Even as temperatures start to skirt toward triple digits, Arizona’s outdoors call avid athletes and nature lovers in the cool mornings. But too often lately, we’ve heard stories of hikers lost or caught unequipped.
A “quick” walk through the mountains that surround the Valley without proper hydration and shoes can turn ugly without planning. So it’s important to know what the experts recommend.
Don’t just take our word for it – we are not medical or health advisors – so make sure you know your body is ready for your journey or check with your doctor.
Here are some tips we found online.
The National Park Service recommends you carry one-half to one-full quart of water for every hour you plan to walk in the heat. Not sure how long you’ll be out? Bring more. The park service recommends drinking
The Mayo Clinic suggests a sports drink, rather than water, during “intense” exercising to replace sodium lost through sweat and to maintain a healthy balance in your body. Heat and altitude can contribute to a need for more hydration.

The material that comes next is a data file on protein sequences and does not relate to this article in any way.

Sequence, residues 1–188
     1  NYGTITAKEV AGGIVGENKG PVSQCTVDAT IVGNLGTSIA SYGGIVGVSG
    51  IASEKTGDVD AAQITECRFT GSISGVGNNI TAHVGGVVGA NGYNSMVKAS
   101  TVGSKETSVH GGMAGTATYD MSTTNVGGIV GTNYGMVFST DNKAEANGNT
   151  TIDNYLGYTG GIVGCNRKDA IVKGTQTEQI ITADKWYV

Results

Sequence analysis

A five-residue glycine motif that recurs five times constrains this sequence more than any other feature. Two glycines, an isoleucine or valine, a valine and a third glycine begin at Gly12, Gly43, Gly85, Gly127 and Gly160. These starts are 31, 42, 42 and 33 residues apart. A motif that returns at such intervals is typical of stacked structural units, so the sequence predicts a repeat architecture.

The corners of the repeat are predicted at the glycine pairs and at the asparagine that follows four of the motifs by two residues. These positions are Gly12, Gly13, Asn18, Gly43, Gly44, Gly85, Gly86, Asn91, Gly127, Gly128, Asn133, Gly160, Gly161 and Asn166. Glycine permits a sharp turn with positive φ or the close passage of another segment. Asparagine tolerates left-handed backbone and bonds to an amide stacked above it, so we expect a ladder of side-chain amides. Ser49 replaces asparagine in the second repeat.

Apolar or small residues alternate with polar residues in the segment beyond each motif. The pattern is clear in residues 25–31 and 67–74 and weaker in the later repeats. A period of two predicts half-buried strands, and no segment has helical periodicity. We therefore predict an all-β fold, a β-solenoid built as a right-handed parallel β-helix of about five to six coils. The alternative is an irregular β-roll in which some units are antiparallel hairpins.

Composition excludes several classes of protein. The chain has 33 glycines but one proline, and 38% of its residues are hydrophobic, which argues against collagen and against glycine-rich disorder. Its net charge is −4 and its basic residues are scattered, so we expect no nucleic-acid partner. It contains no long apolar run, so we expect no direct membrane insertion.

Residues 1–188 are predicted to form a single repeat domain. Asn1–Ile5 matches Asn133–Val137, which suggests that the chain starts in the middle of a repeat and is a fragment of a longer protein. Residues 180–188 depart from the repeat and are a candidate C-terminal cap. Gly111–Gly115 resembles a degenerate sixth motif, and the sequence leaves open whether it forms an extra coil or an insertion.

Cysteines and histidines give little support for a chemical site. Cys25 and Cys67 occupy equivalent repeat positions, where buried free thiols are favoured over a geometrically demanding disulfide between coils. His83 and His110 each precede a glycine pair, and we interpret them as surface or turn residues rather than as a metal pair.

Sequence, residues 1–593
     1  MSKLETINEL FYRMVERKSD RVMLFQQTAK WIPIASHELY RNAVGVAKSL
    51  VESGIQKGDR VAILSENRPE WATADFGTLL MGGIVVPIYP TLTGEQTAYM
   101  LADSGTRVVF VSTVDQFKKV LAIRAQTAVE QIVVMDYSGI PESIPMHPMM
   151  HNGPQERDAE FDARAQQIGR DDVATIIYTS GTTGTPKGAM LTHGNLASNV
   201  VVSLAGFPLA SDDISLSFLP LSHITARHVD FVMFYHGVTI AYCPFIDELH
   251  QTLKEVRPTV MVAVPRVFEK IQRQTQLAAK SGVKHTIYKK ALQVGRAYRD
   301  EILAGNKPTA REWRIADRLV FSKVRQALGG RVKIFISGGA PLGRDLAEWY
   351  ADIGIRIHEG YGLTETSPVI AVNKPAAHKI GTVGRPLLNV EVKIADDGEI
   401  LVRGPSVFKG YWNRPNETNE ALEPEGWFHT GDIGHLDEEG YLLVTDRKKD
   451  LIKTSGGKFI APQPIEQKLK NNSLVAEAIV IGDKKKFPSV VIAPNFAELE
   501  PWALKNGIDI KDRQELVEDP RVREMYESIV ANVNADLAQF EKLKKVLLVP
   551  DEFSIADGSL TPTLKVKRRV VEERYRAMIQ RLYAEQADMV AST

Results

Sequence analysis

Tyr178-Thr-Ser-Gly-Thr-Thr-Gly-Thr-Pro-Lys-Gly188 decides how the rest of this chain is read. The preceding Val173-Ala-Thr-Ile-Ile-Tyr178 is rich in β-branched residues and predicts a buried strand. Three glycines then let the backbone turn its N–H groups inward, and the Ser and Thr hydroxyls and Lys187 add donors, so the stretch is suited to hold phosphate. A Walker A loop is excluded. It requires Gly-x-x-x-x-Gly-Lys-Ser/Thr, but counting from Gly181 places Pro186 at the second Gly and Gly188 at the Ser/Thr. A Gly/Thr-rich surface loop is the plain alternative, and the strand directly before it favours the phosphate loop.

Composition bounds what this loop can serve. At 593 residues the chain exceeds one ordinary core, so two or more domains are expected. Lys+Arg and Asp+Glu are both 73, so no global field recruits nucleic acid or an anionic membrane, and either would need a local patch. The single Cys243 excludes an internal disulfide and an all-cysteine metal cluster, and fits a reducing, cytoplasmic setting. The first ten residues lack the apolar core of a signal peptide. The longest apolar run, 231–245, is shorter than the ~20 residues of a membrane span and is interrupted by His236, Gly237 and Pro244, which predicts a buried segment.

And don’t forget to continue drinking fluids after the hike is done.
Not sure when to go? Check out the weather app on your smart phone and see how quickly temperatures change. On one recent Saturday (in April), the high was 93 degrees. But at 7 a.m. – when there was plenty of sun – it was only 66 degrees. Two hours later it was 77 degrees. By 10 a.m., it reached 82 degrees. Plan accordingly, depending on how long you think your trek will take you.
Are you bringing kids with you? Make sure you’re carrying enough water for them, as well as snacks. We loved the ideas REI provided here for hiking with kids.
Don’t want to go alone? Check out the Meetups here.
Want to know the basics? Check out the “10 must have” items for a hike by the American Hiker Society (proper shoes, water and a first aid kit are on the list).